Volume 15, Issue 13                                                                                June 22, 2007


Vegetables

 

Vegetable Crop Insects - Joanne Whalen, Extension IPM Specialist; jwhalen@udel.edu

 

Cucumbers

With hot weather earlier this week, be sure to sample fields for aphids that can explode quickly. A treatment should be applied for aphids if 10 to 20 percent of the plants are infested with aphids with 5 or more aphids per leaf.

 

Melons

Continue to scout all melons for aphids, cucumber beetles, and spider mites. In many cases, multiple applications may be needed to control these pests. If spider mite populations are high at the time of treatment, 2 sprays spaced 5 days apart may be needed. Be sure to watch for bees foraging in the area and avoid insecticide applications on blooming crops.

 

Peppers

In fields with small fruit, a corn borer treatment is needed. In areas where corn borers are being caught in local traps and pepper fruit is ¼ inch or more in diameter, fields should be sprayed on a 7-day schedule for corn borer control. Be sure to check local moth catches in your area at http://ag.udel.edu/extension/IPM/traps/latestblt.html. You will also need to consider a treatment for pepper maggot.

 

Potatoes

Continue to scout fields for Colorado potato beetle (CPB), leafhoppers and aphids. As a general guideline, controls should be applied for leafhoppers if you find ½ to one adult per sweep or one nymph per every 10 leaves. Controls will be needed for green peach aphids if you find 2 aphids per leaf during bloom and 4 aphids per leaf post bloom. This threshold increases to 10 per leaf at 2 weeks from vine death/kill. If melon aphids are found, the threshold should be reduced by ½.

 

Snap Beans

Continue to scout for leafhopper and thrips activity in seedling stage beans. At this time, fresh market and processing snap beans in the bud to pin stages should be sprayed for corn borer. Sprays will be needed at the bud and pin stages on processing beans. Acephate can be used at the bud and pin stages on processing beans but remember it has a 14 day wait until harvest. Additional sprays may be needed after the pin spray on processing beans. Since trap catches can change quickly, be sure to check our website for the most recent trap catches and information on how to use this information to make a treatment decision in processing snap beans after bloom (http://ag.udel.edu/extension/IPM/traps/latestblt.html and http://ag.udel.edu/extension/IPM/thresh/snapbeanecbthresh.html). Once pins are present on fresh market snap beans and corn borer trap catches are above 2 per night, a 7 to 10-day schedule should be maintained for corn borer control.

 

Sweet Corn

We have received reports of cereal leaf beetle adults feeding on whorl stage corn. No thresholds are available. However, if damage is significant and reducing growth, a treatment may be needed. The first silk sprays will be needed for corn earworm as soon as ear shanks are visible. Be sure to check both blacklight and pheromone trap catches for corn earworm to make a treatment decision. This information should also be backed up with field scouting. Trap catches are generally updated on Tuesday and Friday mornings (http://ag.udel.edu/extension/IPM/traps/latestblt.html and http://ag.udel.edu/extension/IPM/thresh/silkspraythresh.html). You can also call the Crop Pest Hotline (in state: 1-800-345-7544; out of state: 302-831-8851). Be sure to watch for the first fall armyworm larvae in whorl stage sweet corn – we anticipate seeing them any day and they may already be here. A treatment should be considered when 12-15% of the plants are infested. Since fall armyworm feeds deep in the whorls, sprays should be directed into the whorls and multiple applications are often needed to achieve control.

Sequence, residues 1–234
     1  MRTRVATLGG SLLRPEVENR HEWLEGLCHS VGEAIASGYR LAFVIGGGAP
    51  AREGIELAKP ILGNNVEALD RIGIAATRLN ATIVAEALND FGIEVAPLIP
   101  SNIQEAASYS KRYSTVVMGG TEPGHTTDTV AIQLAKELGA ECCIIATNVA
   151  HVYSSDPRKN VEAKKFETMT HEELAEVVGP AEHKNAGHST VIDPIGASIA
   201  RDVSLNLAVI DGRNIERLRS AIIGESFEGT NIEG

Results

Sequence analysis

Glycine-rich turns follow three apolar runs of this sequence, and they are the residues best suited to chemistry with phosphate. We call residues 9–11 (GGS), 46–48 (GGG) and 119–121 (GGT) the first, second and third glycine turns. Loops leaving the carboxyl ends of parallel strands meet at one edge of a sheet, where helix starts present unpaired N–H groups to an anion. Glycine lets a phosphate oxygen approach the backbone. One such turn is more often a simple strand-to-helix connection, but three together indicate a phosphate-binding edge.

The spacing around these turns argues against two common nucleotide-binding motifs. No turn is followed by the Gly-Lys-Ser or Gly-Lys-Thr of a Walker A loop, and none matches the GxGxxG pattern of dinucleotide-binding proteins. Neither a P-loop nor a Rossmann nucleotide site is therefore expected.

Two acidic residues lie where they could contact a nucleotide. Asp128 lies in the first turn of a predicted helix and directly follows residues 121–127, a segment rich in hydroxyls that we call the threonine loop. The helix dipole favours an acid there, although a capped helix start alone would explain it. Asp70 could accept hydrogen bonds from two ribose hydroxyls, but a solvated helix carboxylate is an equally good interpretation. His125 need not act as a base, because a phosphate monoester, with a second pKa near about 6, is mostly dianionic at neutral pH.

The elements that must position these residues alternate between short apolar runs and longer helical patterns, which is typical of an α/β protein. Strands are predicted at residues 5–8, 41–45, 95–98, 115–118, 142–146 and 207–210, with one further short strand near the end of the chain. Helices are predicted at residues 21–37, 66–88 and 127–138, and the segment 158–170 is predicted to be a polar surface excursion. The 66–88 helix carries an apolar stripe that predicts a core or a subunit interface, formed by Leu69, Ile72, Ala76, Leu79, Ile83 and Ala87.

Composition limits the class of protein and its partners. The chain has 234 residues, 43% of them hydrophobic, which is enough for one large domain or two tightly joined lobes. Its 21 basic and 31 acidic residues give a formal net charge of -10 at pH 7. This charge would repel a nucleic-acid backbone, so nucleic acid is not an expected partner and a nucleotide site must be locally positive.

Potato Disease Advisory June 21, 2007 - Bob Mulrooney, Extension Plant Pathologist

 

Disease Severity Value (DSV) Accumulation as of June 20, 2007 is as follows:

Location: Broad Acres, Zimmerman Farm, Rt 9, Greenrow: May 2

Remember that 18 DSVs is the threshold to begin a spray program for late blight

 

LATE BLIGHT

EARLY BLIGHT

Date

Daily DSV

Total DSV

Spray Recs

Accumulated

P days*

6/1-6/2

0

5

none

245

6/3-6/4

5

10

none

264

6/5- 6/6

0

10

none

282

6/6 -6/7

0

10

none

290

6/8- 6/11

0

10

10 days

324

6/12-6/13

2

12

10 days

341

6/14- 6/18

0

12

10 days

383

6/19- 6/20

2

14

10 days

400

* P days- We use the predictive model WISDOM to determine the first fungicide application for prevention of early blight as well. The model predicts the first seasonal rise in the number of spores of the early blight fungus based on the accumulation of 300 physiological days (a type of degree-day unit, referred to as P-days) from green row. To date, 400 P-days have accumulated at the site.

 

Early blight and black dot. Many fields are flowering or have flowered and this is a good time to consider switching to an application or two of Gem, Headline or Quadris (Amistar) for early blight susceptible varieties. This can also be helpful for late season varieties including russets if stress makes plants susceptible to black dot later. Make one or two applications at the end of flowering and repeat 14 days later. Apply mancozeb or chlorothalonil 7 days later between the two applications.

 

If pink rot or leak is a concern and no pink rot fungicide was applied at planting consider applying one of the following when potatoes are nickel-sized and repeating 14 days later. Apply in as much water as possible (20-30 gal/A): Mefanoxam/chlorothalonil (Ridomil/Bravo or Flouranil) 2 lb/A, or Ridomil Gold/MZ 2.5 lb/A, or Ridomil Gold/Copper 2 lb/A.